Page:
Working out of a Highlandtown studio, Ben Walsh and his small team of video game developers recently created My Pet Rock, a family-friendly Facebook game.
But, Walsh said, some day he might decide to design a video game for a more, er, mature audience — and he's heartened to know the Supreme Court now has his back.
In a landmark case, the high court on Monday struck down a California law barring the sale or rental of violent video games to minors. The 7-2 decision gave video games the same First Amendment protections afforded books, plays and movies.
The decision was cheered across the country by video game companies, including those in the Baltimore area.
"I'm happy about the ruling," Walsh, chief executive of Pure Bang Games, said Monday. "My biggest concern is the slippery slope that the California law represented. Once you start saying what is allowed, what is not allowed, it can spread into movies and comic books and other forms of art."
The Supreme Court decision was the culmination of a decade-long battle in the courts between the video game industry and opponents who sought to restrict its influence on minors.
The industry has won a dozen battles in lower courts, but the case of Brown v. Entertainment Merchants Association was the first time the Supreme Court had weighed in.
The industry has long said its self-policing efforts, including ratings by the independent Entertainment Software Ratings Board, are sufficient to help parents monitor their children's use of video games.
"This is a historic and complete win for the First Amendment and the creative freedom of artists and storytellers everywhere," said Michael D. Gallagher, president and chief executive of the Washington-based Entertainment Software Association, which represents video game companies, in a statement.
The decision will allow video game developers to freely pursue their projects in an increasingly lucrative business, industry observers say. Many designers and programmers view their work as creative activity deserving of constitutional protections.
If the California law were allowed to stand, "you would be limiting what people can do in a game," said Gabriel Pendleton, communications manager for the Baltimore chapter of the International Game Developers Association.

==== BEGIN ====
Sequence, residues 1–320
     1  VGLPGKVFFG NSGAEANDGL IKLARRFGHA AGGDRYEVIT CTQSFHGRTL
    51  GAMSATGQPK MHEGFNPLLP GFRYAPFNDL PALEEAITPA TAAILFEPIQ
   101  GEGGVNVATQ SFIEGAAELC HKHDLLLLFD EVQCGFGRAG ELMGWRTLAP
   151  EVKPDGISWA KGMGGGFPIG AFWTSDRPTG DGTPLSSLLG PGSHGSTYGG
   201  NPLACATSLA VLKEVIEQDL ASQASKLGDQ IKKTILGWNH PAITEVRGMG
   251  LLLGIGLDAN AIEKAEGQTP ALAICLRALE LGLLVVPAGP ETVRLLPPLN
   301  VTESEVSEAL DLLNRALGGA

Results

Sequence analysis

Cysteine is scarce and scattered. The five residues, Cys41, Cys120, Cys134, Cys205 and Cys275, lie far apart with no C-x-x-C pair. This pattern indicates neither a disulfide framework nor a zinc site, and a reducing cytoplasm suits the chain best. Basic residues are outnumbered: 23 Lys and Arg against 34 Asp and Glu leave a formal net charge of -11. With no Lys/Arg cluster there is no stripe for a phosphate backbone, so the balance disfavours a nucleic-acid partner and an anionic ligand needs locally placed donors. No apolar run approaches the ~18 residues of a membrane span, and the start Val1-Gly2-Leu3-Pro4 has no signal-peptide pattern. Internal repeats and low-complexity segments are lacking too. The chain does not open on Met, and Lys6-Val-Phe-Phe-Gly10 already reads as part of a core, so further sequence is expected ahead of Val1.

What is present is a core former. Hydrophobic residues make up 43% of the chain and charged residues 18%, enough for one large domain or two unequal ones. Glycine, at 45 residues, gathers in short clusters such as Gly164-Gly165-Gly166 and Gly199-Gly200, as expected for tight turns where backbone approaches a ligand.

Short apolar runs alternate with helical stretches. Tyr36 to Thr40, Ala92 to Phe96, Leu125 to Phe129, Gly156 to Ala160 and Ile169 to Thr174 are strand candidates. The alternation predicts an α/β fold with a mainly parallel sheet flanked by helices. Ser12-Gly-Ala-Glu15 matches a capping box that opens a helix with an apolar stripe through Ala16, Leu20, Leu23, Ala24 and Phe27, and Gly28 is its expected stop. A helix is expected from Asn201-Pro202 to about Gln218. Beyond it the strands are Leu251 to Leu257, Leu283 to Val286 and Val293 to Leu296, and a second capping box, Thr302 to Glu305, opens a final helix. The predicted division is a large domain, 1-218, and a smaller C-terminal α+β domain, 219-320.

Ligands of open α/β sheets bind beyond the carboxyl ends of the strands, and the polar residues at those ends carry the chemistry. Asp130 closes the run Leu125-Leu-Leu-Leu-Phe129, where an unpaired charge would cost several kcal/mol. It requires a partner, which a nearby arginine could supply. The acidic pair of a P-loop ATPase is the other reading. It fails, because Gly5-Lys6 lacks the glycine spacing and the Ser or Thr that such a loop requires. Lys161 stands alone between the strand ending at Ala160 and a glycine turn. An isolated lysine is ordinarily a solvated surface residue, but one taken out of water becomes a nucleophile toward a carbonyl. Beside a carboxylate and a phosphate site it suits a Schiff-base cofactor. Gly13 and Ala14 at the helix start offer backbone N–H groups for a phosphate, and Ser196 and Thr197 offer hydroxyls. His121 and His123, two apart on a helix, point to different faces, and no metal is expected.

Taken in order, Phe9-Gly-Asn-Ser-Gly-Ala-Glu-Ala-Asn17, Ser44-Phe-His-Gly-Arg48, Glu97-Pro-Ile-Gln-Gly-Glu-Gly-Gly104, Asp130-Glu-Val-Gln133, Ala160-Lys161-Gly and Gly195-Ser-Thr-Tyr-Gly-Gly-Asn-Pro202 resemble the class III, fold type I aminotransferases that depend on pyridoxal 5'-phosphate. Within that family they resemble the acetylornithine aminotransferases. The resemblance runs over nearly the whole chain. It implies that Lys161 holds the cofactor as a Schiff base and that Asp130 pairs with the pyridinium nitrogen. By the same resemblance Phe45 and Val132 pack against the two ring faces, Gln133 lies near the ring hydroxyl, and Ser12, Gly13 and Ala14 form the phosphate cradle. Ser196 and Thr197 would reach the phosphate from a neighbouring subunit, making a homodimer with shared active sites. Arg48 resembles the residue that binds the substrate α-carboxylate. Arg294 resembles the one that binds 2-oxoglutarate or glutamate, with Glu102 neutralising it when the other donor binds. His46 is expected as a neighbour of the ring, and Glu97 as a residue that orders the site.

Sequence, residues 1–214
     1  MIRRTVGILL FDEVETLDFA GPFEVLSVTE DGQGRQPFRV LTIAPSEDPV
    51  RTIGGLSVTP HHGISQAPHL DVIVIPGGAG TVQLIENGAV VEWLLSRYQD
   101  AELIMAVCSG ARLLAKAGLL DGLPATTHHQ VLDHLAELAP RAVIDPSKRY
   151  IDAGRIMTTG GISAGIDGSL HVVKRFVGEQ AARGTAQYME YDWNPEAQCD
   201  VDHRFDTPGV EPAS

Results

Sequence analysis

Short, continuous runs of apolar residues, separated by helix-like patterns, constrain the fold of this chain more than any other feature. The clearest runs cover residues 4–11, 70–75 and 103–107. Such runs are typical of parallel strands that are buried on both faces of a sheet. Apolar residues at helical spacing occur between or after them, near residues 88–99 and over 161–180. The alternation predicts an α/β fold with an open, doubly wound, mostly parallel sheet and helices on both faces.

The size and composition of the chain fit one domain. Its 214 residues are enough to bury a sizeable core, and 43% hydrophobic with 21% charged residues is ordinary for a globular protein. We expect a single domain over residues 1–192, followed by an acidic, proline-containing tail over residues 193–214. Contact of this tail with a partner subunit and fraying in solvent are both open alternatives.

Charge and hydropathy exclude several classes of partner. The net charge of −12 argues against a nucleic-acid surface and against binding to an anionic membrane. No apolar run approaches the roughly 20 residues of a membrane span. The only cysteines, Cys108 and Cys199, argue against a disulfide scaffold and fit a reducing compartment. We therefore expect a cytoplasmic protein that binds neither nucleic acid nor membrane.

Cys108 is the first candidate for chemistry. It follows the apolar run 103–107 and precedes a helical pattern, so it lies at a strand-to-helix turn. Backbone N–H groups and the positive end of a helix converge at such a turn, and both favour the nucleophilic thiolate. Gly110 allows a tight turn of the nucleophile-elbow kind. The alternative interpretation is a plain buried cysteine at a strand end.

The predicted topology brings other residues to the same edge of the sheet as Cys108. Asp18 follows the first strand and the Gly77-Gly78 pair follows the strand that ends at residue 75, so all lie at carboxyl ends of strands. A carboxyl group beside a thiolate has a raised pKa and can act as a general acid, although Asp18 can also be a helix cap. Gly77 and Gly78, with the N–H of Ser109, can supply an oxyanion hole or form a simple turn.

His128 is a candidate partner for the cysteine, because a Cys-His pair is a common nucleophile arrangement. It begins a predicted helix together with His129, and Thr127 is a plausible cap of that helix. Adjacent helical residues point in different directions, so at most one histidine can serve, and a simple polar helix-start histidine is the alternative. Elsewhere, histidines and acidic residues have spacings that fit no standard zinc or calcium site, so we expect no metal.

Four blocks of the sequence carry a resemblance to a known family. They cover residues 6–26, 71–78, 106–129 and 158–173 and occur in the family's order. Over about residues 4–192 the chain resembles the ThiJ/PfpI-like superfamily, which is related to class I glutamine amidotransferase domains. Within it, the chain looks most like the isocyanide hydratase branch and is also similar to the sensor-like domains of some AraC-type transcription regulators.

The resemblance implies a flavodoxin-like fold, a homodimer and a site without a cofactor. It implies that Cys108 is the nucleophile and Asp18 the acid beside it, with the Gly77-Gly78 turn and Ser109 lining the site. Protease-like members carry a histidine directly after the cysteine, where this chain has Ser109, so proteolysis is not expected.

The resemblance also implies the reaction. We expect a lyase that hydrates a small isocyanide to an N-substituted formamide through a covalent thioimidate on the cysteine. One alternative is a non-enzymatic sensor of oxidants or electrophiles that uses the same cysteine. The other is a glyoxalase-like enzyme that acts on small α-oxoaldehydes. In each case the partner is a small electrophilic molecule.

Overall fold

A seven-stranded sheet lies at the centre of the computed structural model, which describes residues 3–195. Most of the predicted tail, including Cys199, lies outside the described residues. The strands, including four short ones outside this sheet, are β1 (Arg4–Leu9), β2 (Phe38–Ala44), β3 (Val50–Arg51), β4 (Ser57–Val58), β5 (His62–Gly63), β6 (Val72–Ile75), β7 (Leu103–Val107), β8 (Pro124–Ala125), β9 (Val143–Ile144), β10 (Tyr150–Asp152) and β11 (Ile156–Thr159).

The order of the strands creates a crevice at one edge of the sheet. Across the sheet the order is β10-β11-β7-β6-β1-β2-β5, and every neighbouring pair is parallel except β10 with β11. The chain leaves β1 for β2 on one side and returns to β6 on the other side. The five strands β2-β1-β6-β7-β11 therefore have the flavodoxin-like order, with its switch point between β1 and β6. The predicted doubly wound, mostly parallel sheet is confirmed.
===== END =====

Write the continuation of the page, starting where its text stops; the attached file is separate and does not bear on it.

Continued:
"You look at any other type of media and people have the freedom to press the boundaries," he said.
In addition to constitutional concerns, the video game industry has been worried about how potential restrictions could affect game sales and growth, which have been on an upward trajectory in recent years.
Bethesda Softworks LLC, a Rockville-based game developer, can take several years to create a game and unveil it to a worldwide audience. Pete Hines, spokesman for the company, said it has been making "brutal, post-apocalyptic games set in an alternative universe" — with great success.
Two of its games, Fallout 3 and Fallout New Vegas, have each garnered more than $300 million in worldwide sales, he said.
"It's always been our stance that there's a mature audience we're making these games for," Hines said. "We feel like there's an audience for those games, just like there's an audience for slasher movies."
The appetite for video games in general keeps growing.
In 2009, worldwide video game sales were estimated at about $60 billion. They were projected to grow to $70 billion by 2015, according to DFC Intelligence, a market research firm.
In Maryland, video game companies, many of which are based in Baltimore and Montgomery counties, are part of a digital media industry that in 2008 reported $5.5 billion in sales and employed 32,000 people, according to a state report released last year.
New markets in gaming online and on mobile devices are driving growth in the video game industry beyond just computer and console games. Video games on Facebook and the iPhone represent two new, vast markets.
The worldwide online video game market is projected to reach $29 billion in 2016 — nearly double the $15.7 billion reported last year, according to a recent DFC Intelligence survey.
Monday's Supreme Court ruling does not affect laws in some states, including Maryland, that consider video games a medium whose sale to minors can be regulated under obscenity statutes concerned with depictions of nudity and sex.
Other items regulated under Maryland's obscenity statute for minors include books, magazines, photos and videos.
In the case of the California law, the Supreme Court ruled the state could not create a new category of unprotected speech in order to restrict violence in video games that children might play. The court also found that psychological studies "did not prove" that children acted more aggressively after exposure to violent video games.
"Like books, plays and movies, video games communicate ideas," Justice Antonin Scalia said. "The most basic principle of First Amendment law is that government has no power to restrict expression because of its content."
Scalia spoke for five members of the court who ruled that under no circumstances could the government be allowed to protect children by limiting violence in the media.
"There is no tradition in this country of specially restricting children's access to depictions of violence," Scalia said in the courtroom. "Certainly, the books we give children to read — or read to them when they are younger — have no shortage of gore. Grimm's fairy tales, for example, are grim indeed."
Justice Samuel A. Alito Jr. and Chief Justice John G. Roberts Jr. applauded California's effort to deal with a "serious social problem: the effect of exceptionally violent video games on impressionable minors," but those justices, too, voted to strike down the state's law because it did not spell out clearly enough the limits the gaming industry must abide by.
Tribune Newspapers contributed to this article.